Helping Health Workers Learn

    Helping Health Workers Learn

    David Werner, Bill Bower  |  2012


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    An indispensable resource for health educators, Helping Health Workers Learn shows how to make health education engaging and effective. This book encourages community involvement through participatory education and emphasizes a people-centered approach to care. Also available in Spanish.

    “Health for all—health that is founded on human dignity, loving care, and fairer distribution of land, wealth, and power.”

    Helping Health Workers Learn

    Filled with illustrations, Helping Health Workers Learn includes teaching tips and techniques, strategies for producing low-cost teaching aids, activities for mothers and children, and advice on how to build on a community's traditions, experiences, and strengths.

    Though designed for community health workers, the lessons are also valuable to health organizations and professionals interested in community engagement and empowerment.

    View Sample Pages

    Table of Contents (PDF)

    Chapter 7: Helping People Look at Their Customs and Beliefs (PDF)

    Praise for Helping Health Workers Learn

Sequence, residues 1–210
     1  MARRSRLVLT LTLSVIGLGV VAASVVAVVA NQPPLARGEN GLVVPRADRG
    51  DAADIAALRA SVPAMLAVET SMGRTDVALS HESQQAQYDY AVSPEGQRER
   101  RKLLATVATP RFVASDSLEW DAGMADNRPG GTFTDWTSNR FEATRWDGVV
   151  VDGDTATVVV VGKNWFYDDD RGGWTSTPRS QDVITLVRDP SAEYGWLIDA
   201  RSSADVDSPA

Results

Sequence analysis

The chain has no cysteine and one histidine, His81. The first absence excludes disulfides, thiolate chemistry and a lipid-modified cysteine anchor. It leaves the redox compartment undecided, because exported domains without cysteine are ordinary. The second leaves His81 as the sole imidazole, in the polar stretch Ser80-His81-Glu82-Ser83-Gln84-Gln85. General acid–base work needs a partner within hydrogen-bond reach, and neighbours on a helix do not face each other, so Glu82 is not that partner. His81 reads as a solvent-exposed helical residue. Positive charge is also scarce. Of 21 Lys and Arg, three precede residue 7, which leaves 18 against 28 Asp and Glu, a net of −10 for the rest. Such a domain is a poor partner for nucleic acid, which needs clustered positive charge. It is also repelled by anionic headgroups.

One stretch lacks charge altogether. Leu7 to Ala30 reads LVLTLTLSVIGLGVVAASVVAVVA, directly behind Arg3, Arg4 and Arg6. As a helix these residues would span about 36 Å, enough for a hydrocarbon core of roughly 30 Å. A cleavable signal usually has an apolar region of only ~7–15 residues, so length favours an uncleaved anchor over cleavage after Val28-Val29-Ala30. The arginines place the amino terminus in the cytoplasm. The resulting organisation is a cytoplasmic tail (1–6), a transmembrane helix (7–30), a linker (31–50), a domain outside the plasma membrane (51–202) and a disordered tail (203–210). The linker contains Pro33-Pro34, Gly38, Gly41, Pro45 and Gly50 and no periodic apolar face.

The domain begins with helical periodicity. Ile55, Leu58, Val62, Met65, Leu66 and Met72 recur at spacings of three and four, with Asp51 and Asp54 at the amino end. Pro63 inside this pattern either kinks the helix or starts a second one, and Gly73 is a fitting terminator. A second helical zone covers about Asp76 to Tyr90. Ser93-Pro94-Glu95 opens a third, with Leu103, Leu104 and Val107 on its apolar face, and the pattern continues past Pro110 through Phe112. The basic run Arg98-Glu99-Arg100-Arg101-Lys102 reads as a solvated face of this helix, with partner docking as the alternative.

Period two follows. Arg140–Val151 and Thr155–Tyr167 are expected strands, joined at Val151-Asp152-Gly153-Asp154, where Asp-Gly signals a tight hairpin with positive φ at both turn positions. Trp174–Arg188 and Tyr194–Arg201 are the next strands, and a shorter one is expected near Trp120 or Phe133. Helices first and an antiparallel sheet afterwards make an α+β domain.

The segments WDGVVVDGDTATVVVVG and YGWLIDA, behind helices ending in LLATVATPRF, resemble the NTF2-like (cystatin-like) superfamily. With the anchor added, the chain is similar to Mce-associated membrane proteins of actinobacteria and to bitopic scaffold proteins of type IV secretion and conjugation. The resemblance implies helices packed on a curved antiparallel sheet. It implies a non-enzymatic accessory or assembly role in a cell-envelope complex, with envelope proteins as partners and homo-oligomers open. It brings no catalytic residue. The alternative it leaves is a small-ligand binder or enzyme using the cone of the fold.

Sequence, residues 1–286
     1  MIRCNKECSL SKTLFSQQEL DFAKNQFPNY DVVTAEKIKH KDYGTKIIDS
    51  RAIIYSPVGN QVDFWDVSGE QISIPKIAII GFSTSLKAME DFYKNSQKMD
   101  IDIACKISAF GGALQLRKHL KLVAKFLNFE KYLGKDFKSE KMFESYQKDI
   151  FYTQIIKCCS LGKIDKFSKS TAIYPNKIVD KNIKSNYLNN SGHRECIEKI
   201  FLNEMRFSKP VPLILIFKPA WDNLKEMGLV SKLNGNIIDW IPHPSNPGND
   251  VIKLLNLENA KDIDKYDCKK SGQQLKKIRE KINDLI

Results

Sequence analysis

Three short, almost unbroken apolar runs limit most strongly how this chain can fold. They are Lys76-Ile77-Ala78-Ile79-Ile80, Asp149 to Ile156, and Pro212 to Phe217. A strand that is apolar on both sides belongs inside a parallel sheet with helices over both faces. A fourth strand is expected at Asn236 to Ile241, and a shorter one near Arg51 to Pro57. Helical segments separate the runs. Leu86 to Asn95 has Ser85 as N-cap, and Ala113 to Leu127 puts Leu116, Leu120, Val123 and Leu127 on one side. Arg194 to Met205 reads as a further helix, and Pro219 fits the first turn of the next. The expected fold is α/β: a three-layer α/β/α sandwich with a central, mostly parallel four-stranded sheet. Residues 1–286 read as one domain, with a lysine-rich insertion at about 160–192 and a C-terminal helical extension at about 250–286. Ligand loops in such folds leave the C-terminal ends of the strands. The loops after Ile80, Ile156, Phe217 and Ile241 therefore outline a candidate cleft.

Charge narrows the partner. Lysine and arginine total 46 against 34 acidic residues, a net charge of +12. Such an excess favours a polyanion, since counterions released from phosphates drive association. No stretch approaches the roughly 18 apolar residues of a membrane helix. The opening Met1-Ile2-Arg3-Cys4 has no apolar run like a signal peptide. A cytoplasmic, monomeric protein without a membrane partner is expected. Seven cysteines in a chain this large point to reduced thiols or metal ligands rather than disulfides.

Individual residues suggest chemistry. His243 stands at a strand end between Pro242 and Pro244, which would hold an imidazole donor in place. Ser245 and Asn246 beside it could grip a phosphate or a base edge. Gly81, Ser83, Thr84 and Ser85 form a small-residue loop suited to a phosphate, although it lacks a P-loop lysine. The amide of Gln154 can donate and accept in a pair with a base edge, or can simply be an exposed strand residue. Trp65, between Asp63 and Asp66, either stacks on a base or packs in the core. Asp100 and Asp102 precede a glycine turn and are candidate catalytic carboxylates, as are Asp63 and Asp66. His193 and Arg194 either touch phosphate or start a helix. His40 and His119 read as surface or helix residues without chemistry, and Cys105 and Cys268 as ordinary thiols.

"Hesperian materials are invaluable, particularly when working at the community level. Though Helen Keller Worldwide uses a number of Hesperian publications, I feel Helping Health Workers Learn and Where There Is No Doctor are absolutely essential for public health organizations working in countries with limited infrastructure. We at Helen Keller Worldwide feel a strong connection with the Hesperian approach of designing health education and intervention from the point of view of the recipient, thereby guaranteeing community involvement and program efficiency."
    Chad MacArthur, MPH, MEd, Director of Training and Community Education, Helen Keller Worldwide

    "The ‘health workers’ of the title are not doctors and nurses, but village health workers - laypeople with a special interest in and calling for working with health problems, laypeople who are natural helpers. But there is much in this volume for professional health workers to learn. Helping Health Workers Learn is one of the few books on health education that face up to this major problem: many health education programs increase layfolks' dependence on all-powerful professionals and undermine people's sense of their own abilities to take care of themselves. The authors clearly recognize that one of the biggest obstacles to self-responsibility in health is the unwillingness of professionals to let go of control."
    Tom Ferguson, MD, Self Care Archives